On Komodo Island, our guide, armed with a forked stick, led us inland through the hot and dry monsoon forest surrounded by open savannah grasslands. Timor deer and wild boar darted nervously through the prickly palms; prey to the dragons that have no enemies apart from their own kind. The reason why these primeval apex predators have survived unmolested for so long is attributed to the fact that the treacherous whirlpools and rip currents in the seas around Komodo and Rinca have ensured their isolated endurance in a habitat that is free from invaders.
Heading along the banks of a dry riverbed, we were accompanied by the sound of bird song and chirruping cicadas. There was a sweet smell that we couldn’t identify; we observed strange yellow snails clinging to the bushes, sulphur-crested cockatoos, a water buffalo at a drinking hole, butterflies, jungle chickens, and a swarm of bees hanging in an angry mass from the bough of a tree.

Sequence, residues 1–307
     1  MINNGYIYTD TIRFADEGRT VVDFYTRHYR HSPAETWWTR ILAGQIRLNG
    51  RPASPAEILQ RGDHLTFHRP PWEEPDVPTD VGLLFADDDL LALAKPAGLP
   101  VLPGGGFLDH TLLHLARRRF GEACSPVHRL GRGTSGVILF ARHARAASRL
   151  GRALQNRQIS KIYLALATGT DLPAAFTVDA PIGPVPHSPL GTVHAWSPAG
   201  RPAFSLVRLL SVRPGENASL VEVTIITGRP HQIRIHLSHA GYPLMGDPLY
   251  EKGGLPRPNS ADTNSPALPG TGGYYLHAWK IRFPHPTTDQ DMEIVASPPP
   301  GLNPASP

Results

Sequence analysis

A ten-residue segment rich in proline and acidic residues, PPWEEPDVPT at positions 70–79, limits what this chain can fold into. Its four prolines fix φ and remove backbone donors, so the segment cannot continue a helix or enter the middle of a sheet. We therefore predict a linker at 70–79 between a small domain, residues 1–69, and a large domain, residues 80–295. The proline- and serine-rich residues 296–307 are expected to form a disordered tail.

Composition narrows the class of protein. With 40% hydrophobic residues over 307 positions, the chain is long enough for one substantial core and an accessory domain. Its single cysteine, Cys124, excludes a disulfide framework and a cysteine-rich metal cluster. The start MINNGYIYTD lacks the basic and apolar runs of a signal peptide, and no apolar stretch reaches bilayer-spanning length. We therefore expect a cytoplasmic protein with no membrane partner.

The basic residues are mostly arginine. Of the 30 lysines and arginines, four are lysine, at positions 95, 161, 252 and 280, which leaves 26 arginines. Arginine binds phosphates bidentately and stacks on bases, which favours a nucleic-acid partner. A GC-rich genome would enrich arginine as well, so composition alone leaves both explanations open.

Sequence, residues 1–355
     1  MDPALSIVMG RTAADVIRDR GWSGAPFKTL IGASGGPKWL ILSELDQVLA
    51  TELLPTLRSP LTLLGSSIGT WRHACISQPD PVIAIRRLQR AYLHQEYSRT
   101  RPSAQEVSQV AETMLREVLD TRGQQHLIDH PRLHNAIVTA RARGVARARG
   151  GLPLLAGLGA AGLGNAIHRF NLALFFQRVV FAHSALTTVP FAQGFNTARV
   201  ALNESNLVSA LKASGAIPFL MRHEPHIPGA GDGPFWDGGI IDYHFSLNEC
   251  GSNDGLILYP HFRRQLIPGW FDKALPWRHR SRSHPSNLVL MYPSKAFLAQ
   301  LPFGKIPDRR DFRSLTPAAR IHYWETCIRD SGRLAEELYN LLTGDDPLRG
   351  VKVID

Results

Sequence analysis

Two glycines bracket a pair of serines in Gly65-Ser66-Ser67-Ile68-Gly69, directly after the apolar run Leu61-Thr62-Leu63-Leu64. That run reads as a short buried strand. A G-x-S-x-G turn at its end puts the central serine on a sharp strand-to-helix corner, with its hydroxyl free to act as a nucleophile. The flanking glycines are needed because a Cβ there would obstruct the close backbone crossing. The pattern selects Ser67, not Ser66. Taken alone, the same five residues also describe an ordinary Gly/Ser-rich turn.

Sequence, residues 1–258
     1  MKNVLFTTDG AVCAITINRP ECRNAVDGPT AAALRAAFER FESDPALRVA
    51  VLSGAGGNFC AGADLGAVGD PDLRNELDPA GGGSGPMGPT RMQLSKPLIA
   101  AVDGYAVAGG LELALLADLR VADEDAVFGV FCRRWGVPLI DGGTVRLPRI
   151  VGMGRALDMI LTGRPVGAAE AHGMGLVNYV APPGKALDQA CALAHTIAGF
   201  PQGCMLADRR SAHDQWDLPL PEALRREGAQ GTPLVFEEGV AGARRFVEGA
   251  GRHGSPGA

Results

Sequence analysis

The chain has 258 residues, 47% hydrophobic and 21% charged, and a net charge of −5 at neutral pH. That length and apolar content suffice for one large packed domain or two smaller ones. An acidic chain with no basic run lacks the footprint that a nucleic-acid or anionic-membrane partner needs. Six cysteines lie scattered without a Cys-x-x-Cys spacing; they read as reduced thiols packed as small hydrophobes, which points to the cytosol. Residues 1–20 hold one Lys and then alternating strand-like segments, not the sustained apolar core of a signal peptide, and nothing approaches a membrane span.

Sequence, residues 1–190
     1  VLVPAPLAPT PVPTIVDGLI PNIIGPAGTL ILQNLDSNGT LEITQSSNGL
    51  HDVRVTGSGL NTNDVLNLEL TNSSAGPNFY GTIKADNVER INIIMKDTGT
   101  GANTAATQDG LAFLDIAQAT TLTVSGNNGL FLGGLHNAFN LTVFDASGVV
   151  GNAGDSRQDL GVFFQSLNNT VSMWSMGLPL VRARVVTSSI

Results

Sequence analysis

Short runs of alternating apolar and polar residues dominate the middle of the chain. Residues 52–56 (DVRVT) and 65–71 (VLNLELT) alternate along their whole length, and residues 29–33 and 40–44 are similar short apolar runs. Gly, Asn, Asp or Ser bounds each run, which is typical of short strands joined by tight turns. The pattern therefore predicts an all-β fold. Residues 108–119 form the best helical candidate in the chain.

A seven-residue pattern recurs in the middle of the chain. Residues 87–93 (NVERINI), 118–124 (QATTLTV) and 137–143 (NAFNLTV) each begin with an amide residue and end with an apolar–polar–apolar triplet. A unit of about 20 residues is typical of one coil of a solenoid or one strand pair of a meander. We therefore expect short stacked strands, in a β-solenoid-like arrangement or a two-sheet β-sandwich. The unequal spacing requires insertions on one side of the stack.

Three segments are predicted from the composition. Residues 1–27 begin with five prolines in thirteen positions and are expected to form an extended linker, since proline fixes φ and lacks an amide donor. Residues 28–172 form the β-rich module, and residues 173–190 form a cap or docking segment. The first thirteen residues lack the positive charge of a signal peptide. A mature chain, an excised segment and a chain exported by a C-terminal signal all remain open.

Nevertheless, to see dragons was our objective and we soon found one under a thorn tree, guarding her nest from predators, which are usually other dragons. A scale-covered monitor with spiked claws, an armour-clad body, a snake-like head, and fierce jaws from which flicked a long yellow forked tongue. Two metres in length, her menacing beady eyes regarded us as she stretched her neck, replenishing the folds in her thick loose skin. We were lucky to spot two more on the trail; the most dangerous predatory lizards in existence. We had no desire to get too close but it was a true privilege to see them in the wild.
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